According to popular convention, South Africa was invented during the ‘80s. During the ‘80s, the Ladysmith Black Mambazo band was on Saturday Night Live, the stars of the rock and rap worlds were all about not playing Sun City, and the activist college kids were determined to “Free Nelson Mandela” (this was before Tibet was invented during the ‘90s). The truth, of course, is that Paul Simon, Peter Gabriel, and David Byrne did not collectively “discover” South African music for American audiences sometime in the mid-‘80s, and the tragedy of apartheid was well known long before Lethal Weapon 2. Way back in the late ‘50s, singer Miriam Makeba, boosted by Harry Belafonte, burst onto the American music scene and gave many Americans their first exposure to African pop music.
By fusing traditional styles with slick pop, Makeba was able to bring African music to the mainstream, even scoring a top 20 hit, “Pata Pata”, in the late ‘60s. Although she sang for a mainstream audience, Makeba was one of the most outspoken figures in pop music: she was banished from her homeland after a searing indictment of South African apartheid, and her American recording career effectively ended after her marriage to Black Panther Stokely Carmichael. She outlasted both apartheid and a de facto ban in America, while helping pave the way for a greater worldwide awareness not only of her home country, but for the entire continent of Africa.
Certainly, Makeba has led an influential, and tumultuous, life, so it seems appropriate that she should be allowed her Reflections. On this new album of re-recorded new songs, Makeba eschews the fire and passion of her peak period and attempts a more relaxed approach to her old songs. Typically, it’s a bad idea for an artist to ransack their back catalogue and re-record their old tunes, but Makeba goes out of her way to select not only the obvious hits but also forgotten tracks like “Love Tastes Like Strawberries” and “Quit It”. The album does not play like “greatest hits re-recorded” but like a private concert, with Makeba mixing in a few classics with a few personal favorites. The energy level is lower, and there are no explicitly political moments beyond the Hugh Masakela penned “African Convention”, but the relaxed nature of the album allows Makeba to give the material a more personal feel.
“World music” fans may be disappointed at this album, as Makeba only occasionally performs “African” songs. Yes, “Iyaguduza” is a slick Afro-pop number with a deep group and some bright horn charts, but “Comme une Symphonie D’Amour” is a French torch ballad and “Xica Da Silva” is pure bossa nova. No style of music, or language, seems outside Makeba’s range. The album highlight “Love Tastes Like Strawberries”, a forgotten Bacharach-esque song from the ‘60s, could convince a listener that she could have taken Dionne Warwick’s place at a moment’s notice. By indulging in these different genres from different parts of the world, Makeba practices a true form of world music.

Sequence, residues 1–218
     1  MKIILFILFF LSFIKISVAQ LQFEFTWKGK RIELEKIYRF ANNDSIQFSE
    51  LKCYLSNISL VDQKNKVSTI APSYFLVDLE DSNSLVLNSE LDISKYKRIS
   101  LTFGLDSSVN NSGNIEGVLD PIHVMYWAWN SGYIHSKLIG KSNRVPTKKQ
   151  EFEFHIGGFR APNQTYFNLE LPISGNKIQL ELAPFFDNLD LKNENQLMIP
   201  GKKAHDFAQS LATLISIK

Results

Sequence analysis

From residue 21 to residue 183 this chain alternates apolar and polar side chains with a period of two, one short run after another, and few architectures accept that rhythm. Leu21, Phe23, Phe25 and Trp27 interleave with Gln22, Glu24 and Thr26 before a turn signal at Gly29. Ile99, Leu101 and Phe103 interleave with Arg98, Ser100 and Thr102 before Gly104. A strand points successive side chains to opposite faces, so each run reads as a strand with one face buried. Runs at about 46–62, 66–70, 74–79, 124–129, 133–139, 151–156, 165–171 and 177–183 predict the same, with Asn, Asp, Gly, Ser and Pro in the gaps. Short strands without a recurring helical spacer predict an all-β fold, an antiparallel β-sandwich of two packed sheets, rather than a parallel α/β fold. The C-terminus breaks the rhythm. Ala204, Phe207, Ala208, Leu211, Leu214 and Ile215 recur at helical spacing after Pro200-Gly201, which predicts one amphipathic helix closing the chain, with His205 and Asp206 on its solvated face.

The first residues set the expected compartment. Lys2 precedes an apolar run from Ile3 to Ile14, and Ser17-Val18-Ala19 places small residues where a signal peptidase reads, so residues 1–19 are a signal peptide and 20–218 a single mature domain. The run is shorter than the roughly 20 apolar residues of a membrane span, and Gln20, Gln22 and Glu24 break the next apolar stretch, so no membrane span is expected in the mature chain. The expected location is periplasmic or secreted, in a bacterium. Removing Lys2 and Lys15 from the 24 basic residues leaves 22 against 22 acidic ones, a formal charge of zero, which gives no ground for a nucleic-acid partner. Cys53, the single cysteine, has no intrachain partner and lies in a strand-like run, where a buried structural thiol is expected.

The crucial stumbling block for many listeners may be the album’s very professional production. The sound is very polished, and a little sterile, and the gentler songs suffer because of it. The closing “Where Are You Going?” sounds like it could be played right after Norah Jones on a soft rock radio station, while the bouncier “I Shall Sing” appears in a bloated seven minute version sunk by a proficient, but entirely unnecessary, flute solo. The more popular tracks, particularly “Pata Pata” and “Ring Bell”, suffer in comparison with the well-known versions. Even when the songs can turn bland, Makeba is able to salvage miscalculated productions with her still commanding voice. Her version of “Mas Que Nada” had the potential to turn into easy listening pudding, but Makeba produces a very soulful take on the well-worn bossa nova standard by exploring her voice’s deeper registers.
Once in a while, the slick production even works to the album’s benefit. The radio-friendly sheen given to “African Convention” transforms a rousing dance song into a call for African unity. Without the ‘70s funk production, “Quit It” would come off as a dated anti-drug screed. With the Mayfield-eque production, “Quit It” gains a gritty, seductive appeal.
This studio polish, however, exists for commercial and not aesthetic reasons. Reflections wants to re-imagine Makeba’s eclectic music into a coherent, accessible album for Baby Boomers looking for something a little different but also a little familiar. Certainly a decent anthology of her classic tracks would make a better introduction to Miriam Makeba than Reflections, but the best of these re-recordings prove that Makeba can create smooth, almost-marketable pop music without losing her individuality. Reflections may not be essential Makeba, but it is a worthy addition to her catalogue.